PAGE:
Austria’s government is next week set to issue government bonds worth €1.15 billion ($1.35 billion) in an auction; local news outlet Kleine Zeitung reported few days ago.
Oesterreichische Kontrollbank (OeKB), one of the biggest banks with a $26 billion asset valuation just two years ago will apparently use the live blockchain authentication service to run the auction. Set for October 2nd, the bank will issue the bonds on behalf of the Austrian Treasury (OeBFA).
Austria’s Finance Minister, Hartwig Löger, has said that his government’s focus on blockchain tech is as a matter of economic policy. Löger noted that: “Through setting up the FinTech Advisory Council at the Ministry of Finance, we are developing strategies enabling Austria to benefit optimally from these developments.”
OeKB says this will be the first time a blockchain-based service will be utilized as a component of a Federal Bond Auction in Austria. The mechanism, which has supposedly been effectively tried, will draw on a system that was created internally by the bank to authenticate data on Austria’s banking system — the Austrian Direct Auction System (ADAS) — “as hash values on the Ethereum public blockchain.”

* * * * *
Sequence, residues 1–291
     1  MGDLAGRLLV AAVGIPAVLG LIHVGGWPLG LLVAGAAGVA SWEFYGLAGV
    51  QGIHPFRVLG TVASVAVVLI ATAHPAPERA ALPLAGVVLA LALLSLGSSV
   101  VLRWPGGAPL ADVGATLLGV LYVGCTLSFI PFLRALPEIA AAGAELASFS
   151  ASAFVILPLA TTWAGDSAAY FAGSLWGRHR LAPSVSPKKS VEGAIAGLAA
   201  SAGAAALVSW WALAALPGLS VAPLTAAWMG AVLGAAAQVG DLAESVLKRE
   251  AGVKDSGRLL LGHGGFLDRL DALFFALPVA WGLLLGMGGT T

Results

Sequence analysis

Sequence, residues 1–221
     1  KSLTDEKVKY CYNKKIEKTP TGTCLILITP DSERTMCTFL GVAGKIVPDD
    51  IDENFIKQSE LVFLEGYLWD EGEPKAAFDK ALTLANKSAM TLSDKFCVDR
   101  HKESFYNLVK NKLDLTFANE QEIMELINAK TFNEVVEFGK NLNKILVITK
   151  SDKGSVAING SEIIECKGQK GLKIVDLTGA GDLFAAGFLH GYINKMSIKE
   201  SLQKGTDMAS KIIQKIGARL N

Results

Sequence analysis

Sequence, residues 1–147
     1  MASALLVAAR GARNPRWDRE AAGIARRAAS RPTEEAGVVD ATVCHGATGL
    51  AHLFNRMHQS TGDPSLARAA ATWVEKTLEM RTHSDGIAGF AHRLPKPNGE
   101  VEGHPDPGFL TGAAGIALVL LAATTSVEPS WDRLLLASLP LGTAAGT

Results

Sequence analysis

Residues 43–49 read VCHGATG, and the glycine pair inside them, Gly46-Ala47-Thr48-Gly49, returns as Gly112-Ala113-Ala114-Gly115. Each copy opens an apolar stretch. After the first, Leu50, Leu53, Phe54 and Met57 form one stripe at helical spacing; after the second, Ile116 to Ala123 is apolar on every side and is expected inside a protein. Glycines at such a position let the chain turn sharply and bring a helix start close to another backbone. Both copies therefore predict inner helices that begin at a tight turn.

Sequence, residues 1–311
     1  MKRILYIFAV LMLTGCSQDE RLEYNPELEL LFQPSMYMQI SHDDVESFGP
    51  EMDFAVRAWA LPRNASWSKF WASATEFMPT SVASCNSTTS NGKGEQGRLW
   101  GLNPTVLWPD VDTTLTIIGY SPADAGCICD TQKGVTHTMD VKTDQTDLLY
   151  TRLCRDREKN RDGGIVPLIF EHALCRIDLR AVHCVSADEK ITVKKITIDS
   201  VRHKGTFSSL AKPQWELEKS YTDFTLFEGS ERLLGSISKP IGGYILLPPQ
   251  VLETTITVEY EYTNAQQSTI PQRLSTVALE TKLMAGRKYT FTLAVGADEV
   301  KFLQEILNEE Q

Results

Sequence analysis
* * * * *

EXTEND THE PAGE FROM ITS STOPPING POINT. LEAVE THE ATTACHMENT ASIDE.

As Kleine Zeitung reported, the use of blockchain in this occasion does not mean the bank would anytime soon issue tokenized assets in parallel to existing paper or computerized systems. Be that as it may, as Markus Stix, MD at the Austrian Treasury, disclosed to Kleine Zeitung, the utilization of the innovation has key advantages for both security and cost decrease:
“This added security contributes to achieving a high level of confidence in the auction process for Austrian government bonds and strengthens Austria’s good standing in the market, which indirectly also has the capacity to contribute to favorable financing costs.”
This summer, Cointelegraph wrote about a noteworthy joint activity between the World Bank and the Commonwealth Bank of Australia (CBA) to issue a public bond only through blockchain. The A$100 million ($73.16 million) deal involved two-year securities that were priced to yield a 2.251 percent return.
This spring, Sberbank CIB — the corporate and investment banking arm of Russia’s biggest bank Sberbank — led the first reported blockchain-based business security exchange in Russia.